Talk:Manuel Noriega

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Good articleManuel Noriega has been listed as one of the History good articles under the good article criteria. If you can improve it further, please do so. If it no longer meets these criteria, you can reassess it.
In the newsOn this day... Article milestones
DateProcessResult
October 27, 2017Good article nomineeListed
February 26, 2020WikiProject A-class reviewNot approved
July 28, 2020WikiProject A-class reviewApproved
September 28, 2020Featured article candidateNot promoted
October 20, 2020Peer reviewReviewed
In the news News items involving this article were featured on Wikipedia's Main Page in the "In the news" column on April 28, 2010, July 8, 2010, and May 30, 2017.
On this day... Facts from this article were featured on Wikipedia's Main Page in the "On this day..." column on January 3, 2005, January 3, 2006, January 3, 2010, January 3, 2012, January 3, 2018, and January 3, 2020.
Current status: Good article

Noriega joins Seventh-day Adventist Church[edit]

I found an independent source talking about Manuel Noriega becoming a Seventh-day Adventist. https://gachiepm.wordpress.com/2018/01/11/read-about-noriegas-conversion-and-baptism-into-the-seventh-day-adventist-church/Catfurball (talk) 18:32, 5 December 2018 (UTC)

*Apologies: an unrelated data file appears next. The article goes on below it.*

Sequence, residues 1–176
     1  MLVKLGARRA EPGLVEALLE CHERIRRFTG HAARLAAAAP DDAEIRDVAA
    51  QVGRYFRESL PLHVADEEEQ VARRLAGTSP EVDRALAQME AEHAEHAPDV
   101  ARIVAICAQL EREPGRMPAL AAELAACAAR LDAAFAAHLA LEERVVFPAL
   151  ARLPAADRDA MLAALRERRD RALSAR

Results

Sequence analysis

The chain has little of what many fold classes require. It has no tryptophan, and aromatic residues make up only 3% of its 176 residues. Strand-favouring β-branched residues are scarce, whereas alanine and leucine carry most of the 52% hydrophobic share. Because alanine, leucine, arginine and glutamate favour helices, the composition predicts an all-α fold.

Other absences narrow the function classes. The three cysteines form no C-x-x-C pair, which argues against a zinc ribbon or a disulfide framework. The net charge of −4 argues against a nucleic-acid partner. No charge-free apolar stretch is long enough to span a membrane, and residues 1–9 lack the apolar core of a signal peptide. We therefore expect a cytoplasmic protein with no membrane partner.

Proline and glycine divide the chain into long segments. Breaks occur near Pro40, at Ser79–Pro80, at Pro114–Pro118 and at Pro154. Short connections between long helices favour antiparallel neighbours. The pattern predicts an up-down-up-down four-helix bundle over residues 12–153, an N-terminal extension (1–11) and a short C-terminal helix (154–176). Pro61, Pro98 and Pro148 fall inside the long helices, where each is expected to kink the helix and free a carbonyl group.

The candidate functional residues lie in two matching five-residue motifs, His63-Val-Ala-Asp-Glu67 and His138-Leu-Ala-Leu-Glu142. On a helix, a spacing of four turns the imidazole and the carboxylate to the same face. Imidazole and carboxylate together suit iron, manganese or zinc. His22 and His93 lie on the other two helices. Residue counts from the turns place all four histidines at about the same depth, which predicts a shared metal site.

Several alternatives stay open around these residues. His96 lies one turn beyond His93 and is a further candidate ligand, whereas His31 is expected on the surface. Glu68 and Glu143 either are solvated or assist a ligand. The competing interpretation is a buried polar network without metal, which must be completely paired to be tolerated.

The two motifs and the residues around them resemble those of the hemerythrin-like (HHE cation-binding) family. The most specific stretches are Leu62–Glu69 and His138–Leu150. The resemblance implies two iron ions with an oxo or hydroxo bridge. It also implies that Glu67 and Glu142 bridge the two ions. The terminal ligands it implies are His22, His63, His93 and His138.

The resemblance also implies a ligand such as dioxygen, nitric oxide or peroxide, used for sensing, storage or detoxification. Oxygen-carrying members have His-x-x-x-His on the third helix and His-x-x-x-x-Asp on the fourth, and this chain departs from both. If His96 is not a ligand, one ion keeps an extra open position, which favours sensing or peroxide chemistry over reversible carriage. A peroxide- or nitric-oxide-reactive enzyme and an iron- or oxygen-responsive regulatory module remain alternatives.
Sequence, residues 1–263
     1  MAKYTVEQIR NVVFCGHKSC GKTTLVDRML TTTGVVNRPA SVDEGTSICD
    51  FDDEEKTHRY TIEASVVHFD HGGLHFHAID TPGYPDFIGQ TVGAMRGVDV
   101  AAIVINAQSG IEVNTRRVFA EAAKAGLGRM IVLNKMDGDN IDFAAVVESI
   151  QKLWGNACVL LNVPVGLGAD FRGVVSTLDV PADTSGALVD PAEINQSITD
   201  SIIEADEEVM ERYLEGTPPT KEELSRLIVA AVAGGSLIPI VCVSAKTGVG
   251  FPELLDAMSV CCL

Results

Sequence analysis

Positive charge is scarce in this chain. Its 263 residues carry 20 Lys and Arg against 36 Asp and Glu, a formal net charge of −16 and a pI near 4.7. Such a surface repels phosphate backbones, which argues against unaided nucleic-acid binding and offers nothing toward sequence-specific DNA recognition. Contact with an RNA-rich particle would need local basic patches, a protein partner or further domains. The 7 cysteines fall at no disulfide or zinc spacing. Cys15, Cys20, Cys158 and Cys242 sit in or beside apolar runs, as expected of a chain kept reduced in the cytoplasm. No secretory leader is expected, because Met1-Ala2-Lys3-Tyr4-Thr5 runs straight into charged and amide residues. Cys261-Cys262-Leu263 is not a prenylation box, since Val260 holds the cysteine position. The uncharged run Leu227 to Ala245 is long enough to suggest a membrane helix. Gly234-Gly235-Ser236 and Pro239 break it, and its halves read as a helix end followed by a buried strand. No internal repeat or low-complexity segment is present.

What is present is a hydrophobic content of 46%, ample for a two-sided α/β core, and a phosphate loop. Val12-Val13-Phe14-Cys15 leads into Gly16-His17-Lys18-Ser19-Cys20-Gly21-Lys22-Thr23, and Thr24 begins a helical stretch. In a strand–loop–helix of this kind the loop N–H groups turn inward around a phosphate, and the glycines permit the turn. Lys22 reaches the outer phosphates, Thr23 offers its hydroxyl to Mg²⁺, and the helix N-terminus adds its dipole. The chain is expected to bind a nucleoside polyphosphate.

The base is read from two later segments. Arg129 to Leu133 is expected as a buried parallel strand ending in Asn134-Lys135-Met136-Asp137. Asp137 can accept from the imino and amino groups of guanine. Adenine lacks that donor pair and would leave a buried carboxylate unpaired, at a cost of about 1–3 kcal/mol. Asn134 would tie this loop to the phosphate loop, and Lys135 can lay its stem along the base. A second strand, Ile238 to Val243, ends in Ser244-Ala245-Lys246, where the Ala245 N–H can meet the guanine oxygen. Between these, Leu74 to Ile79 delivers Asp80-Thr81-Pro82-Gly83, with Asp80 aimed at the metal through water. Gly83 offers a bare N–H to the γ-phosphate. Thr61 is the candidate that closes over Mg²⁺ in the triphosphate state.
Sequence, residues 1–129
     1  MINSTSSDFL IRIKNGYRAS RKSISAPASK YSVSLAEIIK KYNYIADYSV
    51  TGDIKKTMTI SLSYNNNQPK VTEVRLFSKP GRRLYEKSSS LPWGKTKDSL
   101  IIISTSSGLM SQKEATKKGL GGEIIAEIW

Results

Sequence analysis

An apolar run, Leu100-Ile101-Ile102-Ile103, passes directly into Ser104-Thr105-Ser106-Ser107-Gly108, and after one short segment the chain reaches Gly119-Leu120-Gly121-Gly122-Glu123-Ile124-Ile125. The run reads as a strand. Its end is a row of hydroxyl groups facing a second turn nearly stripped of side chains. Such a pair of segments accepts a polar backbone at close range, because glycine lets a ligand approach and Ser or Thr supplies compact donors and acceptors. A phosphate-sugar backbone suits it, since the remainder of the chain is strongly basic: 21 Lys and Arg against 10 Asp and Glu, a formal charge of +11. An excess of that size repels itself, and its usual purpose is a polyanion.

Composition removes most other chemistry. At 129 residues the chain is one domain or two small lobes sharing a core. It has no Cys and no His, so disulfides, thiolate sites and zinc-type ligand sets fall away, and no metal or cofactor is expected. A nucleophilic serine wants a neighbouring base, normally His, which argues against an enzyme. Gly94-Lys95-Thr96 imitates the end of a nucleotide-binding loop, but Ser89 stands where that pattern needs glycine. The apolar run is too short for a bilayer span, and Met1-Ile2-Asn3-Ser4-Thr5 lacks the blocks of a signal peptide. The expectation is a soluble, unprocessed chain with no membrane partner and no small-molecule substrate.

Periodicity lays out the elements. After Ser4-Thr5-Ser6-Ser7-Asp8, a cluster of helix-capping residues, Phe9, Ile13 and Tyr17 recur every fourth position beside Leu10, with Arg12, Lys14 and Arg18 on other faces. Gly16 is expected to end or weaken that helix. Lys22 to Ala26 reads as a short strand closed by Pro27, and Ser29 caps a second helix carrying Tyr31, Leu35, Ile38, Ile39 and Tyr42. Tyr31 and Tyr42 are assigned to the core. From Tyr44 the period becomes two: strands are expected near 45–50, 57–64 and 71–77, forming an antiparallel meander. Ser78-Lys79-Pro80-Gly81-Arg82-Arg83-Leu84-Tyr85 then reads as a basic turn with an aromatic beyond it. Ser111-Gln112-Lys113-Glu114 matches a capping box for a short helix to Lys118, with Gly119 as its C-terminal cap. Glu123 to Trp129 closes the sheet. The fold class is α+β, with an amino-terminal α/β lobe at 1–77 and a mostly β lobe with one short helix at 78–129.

A blog on wordpress is not a reliable source. Vanamonde (talk) 18:36, 5 December 2018 (UTC)

CIA involvement and U.S. support[edit]

I understand that this article is undergoing peer review elsewhere, but I will leave my comments here. The section titled "CIA involvement and U.S. support" currently states:

"At Noriega's trial in 1991–1992, the U.S. government stipulated that it had paid $322,000 to Noriega. Journalists and historians have suggested the figure was much higher: Kempe suggested $110,000 annually, while others have posited $200,000 per year. Kempe suggested that the budget provided to Noriega for his intelligence activities was $200,000 every year."